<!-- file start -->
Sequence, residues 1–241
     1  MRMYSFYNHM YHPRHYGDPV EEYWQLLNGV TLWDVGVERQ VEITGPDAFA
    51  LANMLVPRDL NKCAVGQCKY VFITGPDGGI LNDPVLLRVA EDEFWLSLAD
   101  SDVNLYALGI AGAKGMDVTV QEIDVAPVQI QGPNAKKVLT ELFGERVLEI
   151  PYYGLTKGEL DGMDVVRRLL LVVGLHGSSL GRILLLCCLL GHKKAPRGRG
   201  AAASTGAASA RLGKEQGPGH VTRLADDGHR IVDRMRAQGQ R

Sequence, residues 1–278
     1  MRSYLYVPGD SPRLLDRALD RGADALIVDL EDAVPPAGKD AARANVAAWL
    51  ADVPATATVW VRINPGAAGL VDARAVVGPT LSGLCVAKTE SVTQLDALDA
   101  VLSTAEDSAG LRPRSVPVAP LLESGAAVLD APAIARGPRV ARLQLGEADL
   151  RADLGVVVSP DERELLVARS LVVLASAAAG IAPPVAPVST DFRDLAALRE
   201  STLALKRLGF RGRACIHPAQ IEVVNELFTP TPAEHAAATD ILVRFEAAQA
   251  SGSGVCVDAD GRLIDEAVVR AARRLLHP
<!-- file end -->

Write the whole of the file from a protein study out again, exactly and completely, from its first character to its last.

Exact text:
Sequence, residues 1–241
     1  MRMYSFYNHM YHPRHYGDPV EEYWQLLNGV TLWDVGVERQ VEITGPDAFA
    51  LANMLVPRDL NKCAVGQCKY VFITGPDGGI LNDPVLLRVA EDEFWLSLAD
   101  SDVNLYALGI AGAKGMDVTV QEIDVAPVQI QGPNAKKVLT ELFGERVLEI
   151  PYYGLTKGEL DGMDVVRRLL LVVGLHGSSL GRILLLCCLL GHKKAPRGRG
   201  AAASTGAASA RLGKEQGPGH VTRLADDGHR IVDRMRAQGQ R

Sequence, residues 1–278
     1  MRSYLYVPGD SPRLLDRALD RGADALIVDL EDAVPPAGKD AARANVAAWL
    51  ADVPATATVW VRINPGAAGL VDARAVVGPT LSGLCVAKTE SVTQLDALDA
   101  VLSTAEDSAG LRPRSVPVAP LLESGAAVLD APAIARGPRV ARLQLGEADL
   151  RADLGVVVSP DERELLVARS LVVLASAAAG IAPPVAPVST DFRDLAALRE
   201  STLALKRLGF RGRACIHPAQ IEVVNELFTP TPAEHAAATD ILVRFEAAQA
   251  SGSGVCVDAD GRLIDEAVVR AARRLLHP